- Moonlight my ass!
- The HUMBLER
- Who’s the top-selling pianist in history?
- Fly Away :(
- The Mozarts of Hair Metal
- How To Compose Today
- What time is it?
- Twins separated at birth
- To hear the world in a single note and heaven in a triad
- RIP Elliott Carter, Maestro of Thorny Complexity
- Monster Mashup
- May the best man wi… Oh, damn!
- Music for driving into trees: Sweet Wine
- Music for driving into trees
- My Favorite Things
- Mammas Please Let Your Babies Grow Up to Play Cowbells
- Claret for Clara
- Last of the Bohemians
- Guy walks into a bar
- How to break a heart with one chord
- What are oboes good for?
January 01, 2013
Playwright Michael Puzzo’s passionate drama Spirits of Exit Eleven* imagines a cranky jukebox in a pizza strip joint which patrons feed with their Friday paychecks, playing their hair-metal life soundtracks, waiting for the pole dancers to appear on the dais. As sound designer for a Theatre Row production of this play, I conferred with Michael about walk-in music — his suggestions, mine, and crew-sourced.
“Gotta have Def Leppard, AC/DC, Mötley Crüe, G’n’R…”
“Yeah, the usual suspects. Even if they’re not on our personal iPods”
“…but,” says Michael, “We must have Led Zeppelin. Must have. The Mozarts of metal.”
Mozarts of metal! Ah, I have found a musical soulmate.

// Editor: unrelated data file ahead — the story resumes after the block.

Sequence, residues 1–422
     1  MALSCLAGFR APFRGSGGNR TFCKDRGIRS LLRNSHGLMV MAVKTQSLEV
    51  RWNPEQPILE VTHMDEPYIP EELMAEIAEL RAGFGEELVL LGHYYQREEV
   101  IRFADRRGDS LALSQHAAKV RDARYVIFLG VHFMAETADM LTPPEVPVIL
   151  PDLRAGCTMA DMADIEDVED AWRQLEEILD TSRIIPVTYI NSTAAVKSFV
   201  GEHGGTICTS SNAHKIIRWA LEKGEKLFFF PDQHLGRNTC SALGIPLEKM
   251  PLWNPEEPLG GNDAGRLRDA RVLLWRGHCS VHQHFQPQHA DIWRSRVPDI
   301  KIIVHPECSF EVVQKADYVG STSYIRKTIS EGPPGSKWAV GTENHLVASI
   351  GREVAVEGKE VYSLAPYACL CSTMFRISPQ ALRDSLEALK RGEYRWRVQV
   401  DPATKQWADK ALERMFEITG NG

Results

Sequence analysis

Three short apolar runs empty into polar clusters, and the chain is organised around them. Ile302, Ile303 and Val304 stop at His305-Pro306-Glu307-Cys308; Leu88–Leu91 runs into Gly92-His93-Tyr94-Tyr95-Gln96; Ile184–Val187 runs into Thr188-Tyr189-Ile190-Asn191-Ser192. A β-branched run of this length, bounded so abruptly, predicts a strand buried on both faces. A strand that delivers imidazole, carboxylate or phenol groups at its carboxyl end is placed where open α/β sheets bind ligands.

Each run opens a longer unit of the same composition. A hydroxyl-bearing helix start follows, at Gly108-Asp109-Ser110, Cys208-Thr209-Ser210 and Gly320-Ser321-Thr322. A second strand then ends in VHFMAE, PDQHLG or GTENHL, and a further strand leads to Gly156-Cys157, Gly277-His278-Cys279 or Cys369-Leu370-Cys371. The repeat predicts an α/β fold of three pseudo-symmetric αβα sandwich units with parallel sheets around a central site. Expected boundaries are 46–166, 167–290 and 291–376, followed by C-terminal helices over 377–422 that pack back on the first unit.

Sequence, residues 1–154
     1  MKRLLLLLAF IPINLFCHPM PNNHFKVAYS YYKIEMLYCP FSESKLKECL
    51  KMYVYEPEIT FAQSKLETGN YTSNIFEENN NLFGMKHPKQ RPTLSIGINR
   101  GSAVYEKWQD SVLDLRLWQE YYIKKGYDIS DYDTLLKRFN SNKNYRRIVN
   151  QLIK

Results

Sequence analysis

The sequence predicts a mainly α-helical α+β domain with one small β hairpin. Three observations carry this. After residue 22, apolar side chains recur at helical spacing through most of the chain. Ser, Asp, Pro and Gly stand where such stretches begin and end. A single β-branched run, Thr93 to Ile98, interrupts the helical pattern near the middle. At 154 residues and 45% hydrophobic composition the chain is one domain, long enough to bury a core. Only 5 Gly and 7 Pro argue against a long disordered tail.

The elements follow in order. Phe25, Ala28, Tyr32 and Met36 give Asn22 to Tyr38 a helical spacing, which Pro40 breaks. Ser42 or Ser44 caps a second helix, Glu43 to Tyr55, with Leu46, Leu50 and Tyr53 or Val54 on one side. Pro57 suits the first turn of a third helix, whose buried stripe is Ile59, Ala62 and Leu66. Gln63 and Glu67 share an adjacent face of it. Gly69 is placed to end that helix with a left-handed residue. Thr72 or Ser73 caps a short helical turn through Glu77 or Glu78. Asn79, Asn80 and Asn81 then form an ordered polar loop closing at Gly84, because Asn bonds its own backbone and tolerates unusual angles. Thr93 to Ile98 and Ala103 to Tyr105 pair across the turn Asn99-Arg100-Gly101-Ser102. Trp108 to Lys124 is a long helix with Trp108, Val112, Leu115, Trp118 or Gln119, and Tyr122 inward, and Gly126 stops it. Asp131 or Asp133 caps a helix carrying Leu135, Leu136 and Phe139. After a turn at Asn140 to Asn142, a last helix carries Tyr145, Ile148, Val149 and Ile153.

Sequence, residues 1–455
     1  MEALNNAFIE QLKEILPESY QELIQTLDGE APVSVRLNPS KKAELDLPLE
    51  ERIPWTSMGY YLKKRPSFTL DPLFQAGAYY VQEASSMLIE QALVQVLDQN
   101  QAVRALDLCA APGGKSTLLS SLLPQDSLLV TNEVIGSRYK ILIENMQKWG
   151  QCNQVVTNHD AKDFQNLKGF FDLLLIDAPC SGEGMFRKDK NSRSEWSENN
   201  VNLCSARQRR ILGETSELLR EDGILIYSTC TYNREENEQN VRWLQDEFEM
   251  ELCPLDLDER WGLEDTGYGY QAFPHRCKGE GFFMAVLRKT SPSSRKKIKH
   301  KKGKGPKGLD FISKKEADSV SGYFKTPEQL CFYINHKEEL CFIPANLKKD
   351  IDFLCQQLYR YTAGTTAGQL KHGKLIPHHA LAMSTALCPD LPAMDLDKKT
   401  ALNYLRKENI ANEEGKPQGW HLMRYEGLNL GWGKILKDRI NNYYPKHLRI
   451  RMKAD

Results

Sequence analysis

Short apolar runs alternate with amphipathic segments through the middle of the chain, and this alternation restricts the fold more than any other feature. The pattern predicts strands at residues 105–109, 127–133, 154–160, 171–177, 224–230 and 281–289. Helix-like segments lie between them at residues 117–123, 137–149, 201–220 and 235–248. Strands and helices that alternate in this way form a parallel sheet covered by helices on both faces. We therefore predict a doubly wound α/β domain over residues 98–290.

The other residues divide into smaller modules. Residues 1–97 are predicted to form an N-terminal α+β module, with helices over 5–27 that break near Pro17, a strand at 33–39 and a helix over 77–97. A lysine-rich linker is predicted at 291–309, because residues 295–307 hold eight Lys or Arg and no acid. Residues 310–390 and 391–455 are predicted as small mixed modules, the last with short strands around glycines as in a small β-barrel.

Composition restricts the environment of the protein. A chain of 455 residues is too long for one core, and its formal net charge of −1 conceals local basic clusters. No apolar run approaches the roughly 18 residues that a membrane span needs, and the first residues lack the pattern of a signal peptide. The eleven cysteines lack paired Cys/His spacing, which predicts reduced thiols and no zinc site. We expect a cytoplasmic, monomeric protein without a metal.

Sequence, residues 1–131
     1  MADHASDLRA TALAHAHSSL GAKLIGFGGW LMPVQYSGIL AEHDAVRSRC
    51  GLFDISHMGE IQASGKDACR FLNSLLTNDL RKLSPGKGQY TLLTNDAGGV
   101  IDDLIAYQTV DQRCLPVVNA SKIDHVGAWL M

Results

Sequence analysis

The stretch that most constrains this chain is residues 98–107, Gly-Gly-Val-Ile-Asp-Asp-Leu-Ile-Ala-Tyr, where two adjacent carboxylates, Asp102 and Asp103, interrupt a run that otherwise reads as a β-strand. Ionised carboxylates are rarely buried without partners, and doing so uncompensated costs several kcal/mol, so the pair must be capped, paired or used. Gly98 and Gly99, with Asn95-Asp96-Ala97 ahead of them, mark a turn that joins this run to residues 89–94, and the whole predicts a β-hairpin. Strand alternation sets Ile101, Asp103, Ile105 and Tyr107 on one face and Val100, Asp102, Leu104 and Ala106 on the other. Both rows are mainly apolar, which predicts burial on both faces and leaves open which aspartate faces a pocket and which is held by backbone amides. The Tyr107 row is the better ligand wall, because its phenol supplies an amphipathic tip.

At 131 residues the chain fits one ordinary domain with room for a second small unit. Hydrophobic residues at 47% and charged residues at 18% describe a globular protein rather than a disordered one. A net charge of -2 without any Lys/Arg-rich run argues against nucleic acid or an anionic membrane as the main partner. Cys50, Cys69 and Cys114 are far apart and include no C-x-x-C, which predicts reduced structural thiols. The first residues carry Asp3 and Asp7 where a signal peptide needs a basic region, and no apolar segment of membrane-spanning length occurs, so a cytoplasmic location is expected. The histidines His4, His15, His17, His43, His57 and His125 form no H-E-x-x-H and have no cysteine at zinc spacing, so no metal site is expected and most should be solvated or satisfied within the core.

* If you’re from Jersey, or have ever been prisoner to the Turnpike, you catch the reference.
October 16, 2012
Gore Vidal wrote Best Man more than half a century ago, but the themes (political dirty tricks and smears, idealism vs cynicism) play out on today’s stage with eye-poppingly contemporary relevance.
At one point, crusty ex-President Hockstader mostly kiddingly quips, “Worst damn thing ever happened to this country, giving the women the vote.”
I thought: Wow! The setting of this play (1960) is closer in history to before women had the right to vote than it is to today!
Then I thought: Wow! Here we are today with candidates re-debating women’s right to chose, promulgating the notion that “legitimately raped” women are unlikely to get pregnant is science, and forcing these same rape victims to undergo invasive ultrasound probes purely for the pleasure of witnessing their humiliation and physical pain.
Then I thought: Hey! This site’s supposed to be about music. So… Come see the brilliantly directed (by Frank Licato), acted, and designed Best Man at the Summit Playhouse and hear the music I composed for it.
August 31, 2012
When: Sunday, September 2, 8 pm, and Monday, September 3 at 9 pm, Alabama Public Television
Robert Clem's film about charismatic Eugene Walter, who ran away from home at age 3, helped found the Paris Review in the 1950s, worked with Fellini and other Italian film directors as actor and translator, and, on his return to Mobile in the ‘70s, was the focus of Mobile's art scene until his death in 1998. Some described him as magical; others, as a fraud, a 'moocher' who never had a dime of his own. “When all else fails, throw a party,” he would say. When he died, Mobile's cathedral was packed to overflowing with those whose lives he touched with his charismatic charm.
Director: Robert Clem
DP: Alan Hostetter
Original music: Donald Stark